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Electric Light Orchestra - Out Of The Blue: Deluxe Edition (2007) Retail CD
"Critical reappraissal is due".
Couldn't agree more, like ABBA, it's time to look past the supposed "cheesiness" factor and appreciate this great band for what they were.
They weren't just Beatle rip off merchants, they weren't just trying to fuse Rock and Classical music, they weren't a "Progressive Rock" band.
I grew up with E.L.O. and they first came to my attention when I heard a performance of a song called "Evil Woman" on Top Of The Pops and heard a short section of string playing in the middle that was so bizarre, that it blew my young musical mind..I decided to keep track of this bandmore….
The next thing I knew was that everyone seemed to be raving about an album called "A New World Record", which produced a number of very catchy, big selling singles.
I bought the album and almost wore it out, wondering how they could get such a polished, big sound, especially the drums.
While many were raving about Queen's innovations, I was captivated by what Jeff Lynne was doing, instrumentally, harmonically and vocally.
For me, "Out Of The Blue", shows the man and his band at the peak of their powers, though I disagree with many who claim that it was all down hill from that point on.
There are marvellous moments in all of the subsequent albums, though I think only "Time", comes near to the overall consistancy.
People complain that the songs on "Out Of The Blue", and indeed all other ELO albums all "sound the same", nothing could be further from the truth.
Yep, Lynne has a few favourite chord progressions and his backing vocals can follow predictable paths, but there are so many original diversions, in so many of the individual songs that I'm not too concerned about that..
I'll highlight just three:
1. The section in the middle of "Turn To Stone"..
2. The section towards the end of Summer And Lightning,where Lynne echoes the chord progression of Spector's "You've Lost That Loving Feeling", and builds to the climax in much the same way.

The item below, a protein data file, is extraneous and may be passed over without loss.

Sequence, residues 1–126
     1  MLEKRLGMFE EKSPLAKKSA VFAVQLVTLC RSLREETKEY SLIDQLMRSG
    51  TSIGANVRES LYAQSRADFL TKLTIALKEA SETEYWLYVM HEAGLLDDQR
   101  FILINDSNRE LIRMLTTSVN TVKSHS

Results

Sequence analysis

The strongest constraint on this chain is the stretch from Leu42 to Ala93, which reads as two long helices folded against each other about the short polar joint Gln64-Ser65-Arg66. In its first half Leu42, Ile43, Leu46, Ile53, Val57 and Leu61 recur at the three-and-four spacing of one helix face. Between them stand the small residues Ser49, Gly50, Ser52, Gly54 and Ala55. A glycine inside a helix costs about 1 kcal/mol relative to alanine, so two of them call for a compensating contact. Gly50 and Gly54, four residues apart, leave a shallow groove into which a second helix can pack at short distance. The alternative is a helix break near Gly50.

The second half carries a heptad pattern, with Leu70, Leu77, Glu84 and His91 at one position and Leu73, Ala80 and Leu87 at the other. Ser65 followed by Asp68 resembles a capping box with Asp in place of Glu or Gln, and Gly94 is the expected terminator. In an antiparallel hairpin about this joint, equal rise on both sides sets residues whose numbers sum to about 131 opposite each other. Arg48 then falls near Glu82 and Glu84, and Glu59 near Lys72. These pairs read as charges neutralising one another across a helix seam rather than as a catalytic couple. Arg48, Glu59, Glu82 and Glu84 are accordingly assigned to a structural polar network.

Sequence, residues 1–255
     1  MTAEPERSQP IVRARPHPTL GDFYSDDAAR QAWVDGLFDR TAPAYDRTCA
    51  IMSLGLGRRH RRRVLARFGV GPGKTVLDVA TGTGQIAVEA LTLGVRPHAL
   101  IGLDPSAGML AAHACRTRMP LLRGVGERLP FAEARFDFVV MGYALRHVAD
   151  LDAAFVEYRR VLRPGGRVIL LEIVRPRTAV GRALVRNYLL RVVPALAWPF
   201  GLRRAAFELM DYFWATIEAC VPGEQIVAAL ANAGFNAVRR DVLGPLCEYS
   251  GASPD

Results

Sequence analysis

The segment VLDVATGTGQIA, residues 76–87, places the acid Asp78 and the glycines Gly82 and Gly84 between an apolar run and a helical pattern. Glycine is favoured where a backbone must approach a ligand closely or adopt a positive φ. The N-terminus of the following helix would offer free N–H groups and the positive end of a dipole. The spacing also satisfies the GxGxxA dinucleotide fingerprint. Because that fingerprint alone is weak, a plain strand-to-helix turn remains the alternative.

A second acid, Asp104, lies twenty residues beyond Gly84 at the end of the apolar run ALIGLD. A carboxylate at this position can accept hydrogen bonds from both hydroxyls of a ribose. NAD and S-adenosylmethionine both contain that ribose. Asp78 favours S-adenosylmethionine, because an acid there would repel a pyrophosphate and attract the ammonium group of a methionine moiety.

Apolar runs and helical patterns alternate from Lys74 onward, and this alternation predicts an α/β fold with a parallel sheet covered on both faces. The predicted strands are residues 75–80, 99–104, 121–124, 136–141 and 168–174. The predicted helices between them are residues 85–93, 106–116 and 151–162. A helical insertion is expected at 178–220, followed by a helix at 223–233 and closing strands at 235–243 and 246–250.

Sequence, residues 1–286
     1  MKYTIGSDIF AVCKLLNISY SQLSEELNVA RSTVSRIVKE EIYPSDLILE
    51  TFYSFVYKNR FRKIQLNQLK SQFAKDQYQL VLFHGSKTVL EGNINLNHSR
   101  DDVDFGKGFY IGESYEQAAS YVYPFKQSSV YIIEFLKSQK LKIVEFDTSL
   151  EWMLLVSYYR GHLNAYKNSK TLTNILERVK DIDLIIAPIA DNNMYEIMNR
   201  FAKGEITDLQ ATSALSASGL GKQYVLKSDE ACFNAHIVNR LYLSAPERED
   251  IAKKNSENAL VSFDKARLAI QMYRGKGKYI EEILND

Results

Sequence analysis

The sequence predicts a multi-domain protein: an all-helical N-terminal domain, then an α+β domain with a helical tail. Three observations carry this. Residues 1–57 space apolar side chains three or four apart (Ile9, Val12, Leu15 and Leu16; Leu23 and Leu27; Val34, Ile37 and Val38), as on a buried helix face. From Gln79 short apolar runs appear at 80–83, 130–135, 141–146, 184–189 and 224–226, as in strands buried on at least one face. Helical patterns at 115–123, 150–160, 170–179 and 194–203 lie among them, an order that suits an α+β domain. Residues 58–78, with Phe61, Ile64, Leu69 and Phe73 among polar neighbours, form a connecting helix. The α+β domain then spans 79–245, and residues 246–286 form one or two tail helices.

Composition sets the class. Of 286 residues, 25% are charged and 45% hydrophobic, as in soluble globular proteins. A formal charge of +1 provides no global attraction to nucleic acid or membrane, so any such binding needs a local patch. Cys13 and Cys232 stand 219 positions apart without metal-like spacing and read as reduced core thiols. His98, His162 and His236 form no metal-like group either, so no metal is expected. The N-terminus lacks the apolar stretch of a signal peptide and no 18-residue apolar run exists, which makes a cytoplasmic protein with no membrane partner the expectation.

3. The "static" area, over a repeated bass riff, in "Birmingham Blues", where he sings "across the world I've seen, people and places, could be the same", and the almost frozen nature of this section is a musical reflection of the lyrics.
There is some very clever musical thinking going on here.
However, on top of all the song writing skills, it's the production skills of Jeff Lynne which still stand up today.
I think it's this contribution which marks this man out as a genius.
Like Spector and Steinman, it's easy to know when a work has the "Lynne" mark on it, and the later works of Roy Orbison, Tom Petty and George Harrison, all of whom went back to him time and again, shows how much they respected his skills.
And, it's kind of poetic, for me that the people who he's always accused of "ripping off" came to him in order to get them to bring John Lennon "back to life"..
And, his skills are in full view on "Out Of The Blue", the huge amount of work that went into this album, is hard to fathom.
All in all, I believe this album to be one of the all time greats, not just of that era, but along with "Rumours" and "Hotel California", of all time.
|1||Turn To Stone|
|3||Sweet Talkin' Woman|
|4||Across The Border|
|5||Night In The City|
|8||Believe Me Now|
|10||Standin' In The Rain|
|12||Summer And Lightning|
|13||Mr. Blue Sky|
|14||Sweet Is The Night|
|17||Wild West Hero|
|18||Wild West Hero|
|19||Quick And The Daft|
|20||Latitude 88 North|
- Electric Light Orchestra - Out Of The Blue: Deluxe Edition (2007) Retail CD
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- 15/04/07 by bki
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